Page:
Finding a place to live as a felon is very challenging. But what hasn’t been since their conviction?
Felons who are in the position of owning or buying a home have the opportunity to feel good about themselves and providing a place for their family to live.
An important aspect of owning a home is to protect their possessions.
This blog post will address the issue of homeowner’s insurance.
- What is Homeowner’s Insurance?
- Applying for Homeowner’s Insurance
- Credit Report
- Finding an Insurance Company
- Supporting a Felon in Getting Homeowner’s Insurance
What Is Homeowner’s Insurance?
Homeowner’s insurance is a type of insurance policy intended to protect an individual’s home against damages to the house or the possessions in the house.
Standard homeowner’s policies typically cover:
- The structure of the house. The homeowners’ policy will pay to repair or rebuild the house if it is destroyed by fire, hail, lightning, hurricane and other disasters. Usually the policy will not cover damage from a flood, earthquake, or normal wear and tear.
- Personal belongings. Furniture, clothes, and other items are covered if they are stolen or damaged by a disaster included in the policy. Items stored off the property are also covered.
- Liability protection. Liability protects against lawsuits for bodily injury, or property damage of other individuals.
- Additional living expenses for situations where the homeowner cannot live in the house due to an insured disaster. Additional living expenses will be paid for living away from home due to a covered disaster.
Applying for Homeowner’s Insurance
Most insurance companies offer homeowner’s insurance. Each state has its own laws regarding homeowner’s insurance.
There are a number of factors considered by an insurance company in evaluating a homeowner’s insurance application.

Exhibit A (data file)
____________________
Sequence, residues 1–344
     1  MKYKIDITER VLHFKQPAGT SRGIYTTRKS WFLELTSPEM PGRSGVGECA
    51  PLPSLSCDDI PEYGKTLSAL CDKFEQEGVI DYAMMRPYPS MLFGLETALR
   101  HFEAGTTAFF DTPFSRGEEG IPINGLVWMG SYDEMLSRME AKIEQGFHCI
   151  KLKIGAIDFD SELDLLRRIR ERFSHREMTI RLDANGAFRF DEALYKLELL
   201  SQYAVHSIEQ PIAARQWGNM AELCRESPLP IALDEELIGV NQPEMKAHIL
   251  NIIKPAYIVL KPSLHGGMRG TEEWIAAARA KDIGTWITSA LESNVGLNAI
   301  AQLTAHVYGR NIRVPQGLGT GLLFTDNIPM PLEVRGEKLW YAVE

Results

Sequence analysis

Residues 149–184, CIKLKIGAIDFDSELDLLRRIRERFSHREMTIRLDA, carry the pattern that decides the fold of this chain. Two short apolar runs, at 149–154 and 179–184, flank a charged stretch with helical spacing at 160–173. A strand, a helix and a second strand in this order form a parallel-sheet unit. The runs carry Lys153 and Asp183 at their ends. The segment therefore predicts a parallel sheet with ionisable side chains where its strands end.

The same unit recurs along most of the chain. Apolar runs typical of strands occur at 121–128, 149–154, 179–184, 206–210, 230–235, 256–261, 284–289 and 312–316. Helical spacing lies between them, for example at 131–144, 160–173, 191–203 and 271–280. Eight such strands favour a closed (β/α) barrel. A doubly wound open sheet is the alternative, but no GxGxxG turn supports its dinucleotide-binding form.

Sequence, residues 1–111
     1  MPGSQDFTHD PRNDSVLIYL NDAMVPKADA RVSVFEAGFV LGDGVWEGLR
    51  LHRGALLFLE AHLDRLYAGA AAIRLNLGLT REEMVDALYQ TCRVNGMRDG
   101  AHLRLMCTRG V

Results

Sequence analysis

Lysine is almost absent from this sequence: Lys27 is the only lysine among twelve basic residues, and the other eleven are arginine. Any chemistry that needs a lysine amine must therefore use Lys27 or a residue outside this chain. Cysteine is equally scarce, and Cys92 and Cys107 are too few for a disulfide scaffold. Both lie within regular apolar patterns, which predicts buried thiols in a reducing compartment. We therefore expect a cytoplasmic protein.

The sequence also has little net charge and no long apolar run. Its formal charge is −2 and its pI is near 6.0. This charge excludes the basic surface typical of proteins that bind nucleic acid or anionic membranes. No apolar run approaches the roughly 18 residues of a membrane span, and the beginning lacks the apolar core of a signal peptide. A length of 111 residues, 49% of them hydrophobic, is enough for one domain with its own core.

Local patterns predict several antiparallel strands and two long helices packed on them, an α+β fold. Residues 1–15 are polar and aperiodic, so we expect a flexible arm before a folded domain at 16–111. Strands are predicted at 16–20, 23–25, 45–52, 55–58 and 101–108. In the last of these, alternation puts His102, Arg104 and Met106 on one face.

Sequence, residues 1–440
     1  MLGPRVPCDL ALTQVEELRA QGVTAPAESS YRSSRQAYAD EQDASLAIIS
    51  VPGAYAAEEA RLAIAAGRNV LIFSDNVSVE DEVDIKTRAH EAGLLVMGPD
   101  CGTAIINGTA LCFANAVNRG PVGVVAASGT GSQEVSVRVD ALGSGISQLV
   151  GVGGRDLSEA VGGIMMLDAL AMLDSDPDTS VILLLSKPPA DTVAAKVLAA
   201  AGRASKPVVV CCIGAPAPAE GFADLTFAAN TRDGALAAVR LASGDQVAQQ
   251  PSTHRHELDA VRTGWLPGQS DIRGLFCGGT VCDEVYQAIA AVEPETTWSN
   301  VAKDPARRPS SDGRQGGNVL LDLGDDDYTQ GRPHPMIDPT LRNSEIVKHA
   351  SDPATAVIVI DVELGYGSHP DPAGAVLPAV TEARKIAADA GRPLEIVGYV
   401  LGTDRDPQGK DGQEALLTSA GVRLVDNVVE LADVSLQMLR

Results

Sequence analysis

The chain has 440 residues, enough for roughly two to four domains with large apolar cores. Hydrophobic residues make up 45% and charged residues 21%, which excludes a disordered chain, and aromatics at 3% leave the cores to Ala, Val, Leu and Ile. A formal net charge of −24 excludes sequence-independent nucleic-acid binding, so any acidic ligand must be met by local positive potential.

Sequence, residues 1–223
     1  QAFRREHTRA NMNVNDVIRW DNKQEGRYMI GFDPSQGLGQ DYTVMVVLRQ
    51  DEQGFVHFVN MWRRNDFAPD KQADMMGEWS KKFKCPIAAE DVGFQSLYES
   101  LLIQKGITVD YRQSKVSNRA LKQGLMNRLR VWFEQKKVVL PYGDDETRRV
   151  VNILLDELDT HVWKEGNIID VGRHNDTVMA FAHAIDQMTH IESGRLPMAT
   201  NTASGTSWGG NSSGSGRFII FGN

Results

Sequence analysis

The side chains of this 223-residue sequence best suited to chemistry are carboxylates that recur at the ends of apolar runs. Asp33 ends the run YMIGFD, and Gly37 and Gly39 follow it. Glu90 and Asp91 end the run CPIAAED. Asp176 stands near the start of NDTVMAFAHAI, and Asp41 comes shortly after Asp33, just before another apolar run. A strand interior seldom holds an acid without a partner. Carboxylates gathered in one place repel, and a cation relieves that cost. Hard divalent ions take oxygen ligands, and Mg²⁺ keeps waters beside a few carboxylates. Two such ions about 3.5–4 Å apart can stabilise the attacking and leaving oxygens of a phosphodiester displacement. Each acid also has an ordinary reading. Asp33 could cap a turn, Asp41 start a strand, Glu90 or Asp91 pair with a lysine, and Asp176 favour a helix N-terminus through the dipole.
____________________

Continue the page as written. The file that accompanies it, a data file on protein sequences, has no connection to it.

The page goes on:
Insurance companies typically deny coverage if they consider the house at risk of damage. Felons convicted of an offense that might put their home at risk, such as arson.
Insurance companies might deny coverage if the insurance company believes the house may be used for illegal purposes.
There are home characteristics that can help determine qualification for homeowner’s insurance. Older homes, especially ones built of wood are more difficult to insure.
Lifestyle choices can affect approval. Claims history is also important.
A major factor for many felons following incarceration is that their credit rating has been negatively affected while incarcerated. This is because of an inability to establish a credit history and make regular payments.
The typical credit report contains several categories of information:
- Identifying information – This includes Social Security Number, birthdate, and employment status.
- Trade Lines – These are the credit accounts, including type of account, date account opened, credit limit, account balance, and payment history
- Credit Inquiries – This is a list of everyone who has accessed this credit report in the past two years.
- Public Record and Collections – This is public record information from state and county courts and information on bankruptcies foreclosures, liens, and judgments.